- Michel Barnier revealed a "realistic" time frame of between six and eight weeks at a forum in Slovenia on Monday.
- The pound hit a five-week high versus the U.S. dollar and a one-month high versus the euro.
Sterling surged against the dollar and euro on Monday after the European Union's chief negotiator said a Brexit deal was "realistic in six to eight weeks".
For the second time in less than a week, Michel Barnier has signaled his desire to move ahead on the Brexit negotiations, less than seven months before the United Kingdom is slated to leave the European Union on March 29, 2019.
Barnier, the EU's chief negotiator, told a forum in Slovenia that it was "realistic" to expect a divorce deal with Britain, the British embassy to Slovenia said on Twitter.
For a market broadly short the pound because of worries that Britain will crash out of the trading bloc next year without any sort of formal trading arrangement, that signaled the UK can avoid a disorderly no-deal Brexit.
The British currency rallied across the board, rising more than one percent to $1.3052, its highest level in five weeks.
"It just shows that's the key thing that people want to see -- Brexit progress. You have a market that's heavily short on sterling due to Brexit. It needs that tail risk to be taken off before sterling can rally," said Viraj Patel, a currency strategist at ING in London.
Before Barnier's comments, the pound had traded modestly higher against the dollar and euro as data showed the British economy posting its fastest growth in almost a year.
Data showed British gross domestic product in the three months to July was 0.6 percent higher than in the previous three-month period, gathering pace from 0.4 percent growth in the three months to June, and at the top end of forecasts.
Sterling has rallied in recent weeks off lows below $1.27, lifted by earlier seemingly favourable comments from Barnier.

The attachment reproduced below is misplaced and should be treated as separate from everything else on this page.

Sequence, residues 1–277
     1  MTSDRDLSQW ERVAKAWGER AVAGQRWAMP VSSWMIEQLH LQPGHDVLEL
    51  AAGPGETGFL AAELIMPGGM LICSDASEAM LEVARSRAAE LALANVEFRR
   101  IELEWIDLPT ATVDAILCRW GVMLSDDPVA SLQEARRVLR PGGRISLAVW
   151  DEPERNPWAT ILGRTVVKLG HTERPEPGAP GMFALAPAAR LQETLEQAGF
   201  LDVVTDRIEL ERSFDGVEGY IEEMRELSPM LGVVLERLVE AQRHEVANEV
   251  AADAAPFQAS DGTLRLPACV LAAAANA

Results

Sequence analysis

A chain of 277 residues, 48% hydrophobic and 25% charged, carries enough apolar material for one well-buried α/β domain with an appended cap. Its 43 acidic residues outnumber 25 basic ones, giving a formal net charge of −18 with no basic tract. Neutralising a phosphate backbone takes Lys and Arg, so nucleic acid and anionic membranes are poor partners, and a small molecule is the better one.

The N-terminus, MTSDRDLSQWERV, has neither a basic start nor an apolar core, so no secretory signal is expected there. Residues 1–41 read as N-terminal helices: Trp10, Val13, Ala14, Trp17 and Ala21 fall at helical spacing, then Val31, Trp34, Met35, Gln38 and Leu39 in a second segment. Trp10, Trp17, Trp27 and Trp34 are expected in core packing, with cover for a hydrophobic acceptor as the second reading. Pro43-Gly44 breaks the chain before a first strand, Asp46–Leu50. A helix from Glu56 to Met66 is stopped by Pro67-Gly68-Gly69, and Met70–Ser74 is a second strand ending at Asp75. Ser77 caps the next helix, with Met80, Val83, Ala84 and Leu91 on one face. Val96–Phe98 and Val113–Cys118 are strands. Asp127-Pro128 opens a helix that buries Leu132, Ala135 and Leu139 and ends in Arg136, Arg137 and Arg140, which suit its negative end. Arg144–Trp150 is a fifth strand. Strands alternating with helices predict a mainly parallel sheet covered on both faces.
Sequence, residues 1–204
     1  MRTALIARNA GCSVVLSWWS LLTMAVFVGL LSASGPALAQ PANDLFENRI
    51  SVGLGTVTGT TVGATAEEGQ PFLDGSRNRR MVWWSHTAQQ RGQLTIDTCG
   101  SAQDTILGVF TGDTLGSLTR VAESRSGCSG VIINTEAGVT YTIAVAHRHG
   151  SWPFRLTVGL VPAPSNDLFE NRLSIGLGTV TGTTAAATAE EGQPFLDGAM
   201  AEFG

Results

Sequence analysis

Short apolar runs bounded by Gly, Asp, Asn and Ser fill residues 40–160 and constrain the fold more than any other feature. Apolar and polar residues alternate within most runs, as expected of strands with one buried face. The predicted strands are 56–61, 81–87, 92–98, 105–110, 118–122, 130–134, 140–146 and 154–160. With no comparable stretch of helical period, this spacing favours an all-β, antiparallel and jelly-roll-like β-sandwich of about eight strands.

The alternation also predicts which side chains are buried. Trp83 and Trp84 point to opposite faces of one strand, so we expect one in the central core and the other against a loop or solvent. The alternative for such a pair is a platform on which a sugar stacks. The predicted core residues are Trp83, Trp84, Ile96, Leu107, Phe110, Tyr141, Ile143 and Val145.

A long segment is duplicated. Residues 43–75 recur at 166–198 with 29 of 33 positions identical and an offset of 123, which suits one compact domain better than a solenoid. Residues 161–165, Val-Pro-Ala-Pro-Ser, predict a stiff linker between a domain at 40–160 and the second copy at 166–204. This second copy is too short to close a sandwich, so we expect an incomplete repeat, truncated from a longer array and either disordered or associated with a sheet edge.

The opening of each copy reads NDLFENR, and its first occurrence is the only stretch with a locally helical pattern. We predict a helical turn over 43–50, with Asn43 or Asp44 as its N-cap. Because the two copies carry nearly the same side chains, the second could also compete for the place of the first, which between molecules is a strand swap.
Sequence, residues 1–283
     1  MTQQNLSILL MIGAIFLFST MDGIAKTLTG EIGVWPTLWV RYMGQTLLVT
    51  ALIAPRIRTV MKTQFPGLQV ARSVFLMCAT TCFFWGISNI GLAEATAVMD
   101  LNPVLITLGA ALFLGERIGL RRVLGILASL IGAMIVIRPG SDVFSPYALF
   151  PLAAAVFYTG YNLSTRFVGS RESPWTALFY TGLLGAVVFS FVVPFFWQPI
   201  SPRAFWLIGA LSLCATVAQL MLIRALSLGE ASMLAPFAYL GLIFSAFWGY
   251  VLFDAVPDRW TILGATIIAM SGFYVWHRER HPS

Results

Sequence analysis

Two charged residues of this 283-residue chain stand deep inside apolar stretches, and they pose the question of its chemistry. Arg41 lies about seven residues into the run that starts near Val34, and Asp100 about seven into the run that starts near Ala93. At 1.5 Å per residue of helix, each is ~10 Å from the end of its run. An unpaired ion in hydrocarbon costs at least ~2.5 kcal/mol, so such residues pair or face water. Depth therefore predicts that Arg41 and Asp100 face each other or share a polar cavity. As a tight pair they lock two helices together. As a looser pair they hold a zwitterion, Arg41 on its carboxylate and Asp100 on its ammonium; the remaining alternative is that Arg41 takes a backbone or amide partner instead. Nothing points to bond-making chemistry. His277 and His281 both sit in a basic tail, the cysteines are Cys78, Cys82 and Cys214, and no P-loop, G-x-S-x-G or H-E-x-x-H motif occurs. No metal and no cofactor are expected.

On Friday he was quoted as saying the EU was open to discussing other "backstops" on Brexit, especially the Irish border issue, a key hurdle to agreeing a deal.
"Any scope for a deal to be achieved, particularly coming from one of the chief negotiators is a bullish signal," said Craig Erlam, market analyst at OANDA.
Sentiment, however, was hit earlier on Monday by warnings from a former junior minister, Steve Baker, that the ruling Conservative Party could face a split if Prime Minister Theresa May persisted with her Brexit blueprint, known as the "Chequers" proposals.
Baker said 80 or more lawmakers were prepared to vote against the plan.
The comments, indicating the level of opposition within the party, came a day after former foreign minister, Boris Johnson, described part of the plan as "a suicide vest".
"Westminster is going to be a cloud over sterling before the Tory conference," ING's Patel said, referring to May's party gathering starting on Sept 30.
Headlines on the progress of Brexit negotiations have forced traders to switch positions rapidly in a currency market that is holding about $5.5 billion in short positions on the pound, based on weekly futures positioning data.
Reuters polls show sterling rising as much as six percent in a year, but a Brexit without any deal between London and Brussels could push it as much as eight percent lower from current levels.